Long-range ordered and atomic-scale control of graphene hybridization by photocycloaddition

Research output: Contribution to journal/Conference contribution in journal/Contribution to newspaperJournal articleResearchpeer-review

  • Miao Yu, Harbin Institute of Technology
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  • Chong Chen, Harbin Institute of Technology
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  • Qi Liu, China Academy of Engineering Physics
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  • Cristina Mattioli, Centre d'Elaboration de Matériaux et d'Etudes Structurales
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  • Hongqian Sang, King's College London, Jianghan University
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  • Guoqiang Shi, Harbin Institute of Technology
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  • Wujun Huang, Xiamen University
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  • Kongchao Shen, Shanghai Advanced Research Institute, Chinese Academy of Sciences
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  • Zhuo Li, Harbin Institute of Technology
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  • Pengcheng Ding, Harbin Institute of Technology
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  • Pengfei Guan, China Academy of Engineering Physics
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  • Shaoshan Wang, Harbin Institute of Technology
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  • Ye Sun, Harbin Institute of Technology
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  • Jinping Hu, Shanghai Advanced Research Institute, Chinese Academy of Sciences
  • ,
  • André Gourdon, Centre d'Elaboration de Matériaux et d'Etudes Structurales
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  • Lev Kantorovich, King's College London
  • ,
  • Flemming Besenbacher
  • Mingshu Chen, Xiamen University
  • ,
  • Fei Song, Shanghai Advanced Research Institute, Chinese Academy of Sciences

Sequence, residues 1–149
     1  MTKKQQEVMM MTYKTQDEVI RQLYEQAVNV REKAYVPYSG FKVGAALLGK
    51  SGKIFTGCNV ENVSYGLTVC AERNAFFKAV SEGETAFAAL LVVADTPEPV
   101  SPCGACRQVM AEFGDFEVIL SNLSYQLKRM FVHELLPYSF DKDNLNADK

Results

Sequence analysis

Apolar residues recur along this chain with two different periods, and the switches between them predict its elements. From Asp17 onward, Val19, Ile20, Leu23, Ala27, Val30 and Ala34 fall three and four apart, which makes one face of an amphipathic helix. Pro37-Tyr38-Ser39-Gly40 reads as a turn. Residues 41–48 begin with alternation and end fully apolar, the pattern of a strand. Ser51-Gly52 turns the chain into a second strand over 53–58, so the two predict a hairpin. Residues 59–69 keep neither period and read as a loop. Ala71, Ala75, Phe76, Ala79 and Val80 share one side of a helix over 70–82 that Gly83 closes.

• ,
  • Federico Rosei, Institut National de la Recherche Scientifique

Chemical reactions that convert sp2 to sp3 hybridization have been demonstrated to be a fascinating yet challenging route to functionalize graphene. So far it has not been possible to precisely control the reaction sites nor their lateral order at the atomic/molecular scale. The application prospects have been limited for reactions that require long soaking, heating, electric pulses or probe-tip press. Here we demonstrate a spatially selective photocycloaddition reaction of a two-dimensional molecular network with defect-free basal plane of single-layer graphene. Directly visualized at the submolecular level, the cycloaddition is triggered by ultraviolet irradiation in ultrahigh vacuum, requiring no aid of the graphene Moiré pattern. The reaction involves both [2+2] and [2+4] cycloadditions, with the reaction sites aligned into a two-dimensional extended and well-ordered array, inducing a bandgap for the reacted graphene layer. This work provides a solid base for designing and engineering graphene-based optoelectronic and microelectronic devices. [Figure not available: see fulltext.].

Original languageEnglish
JournalNature Chemistry
Volume12
Issue11
Pages (from-to)1035-1041
Number of pages7
ISSN1755-4330
DOIs
Publication statusPublished - Nov 2020

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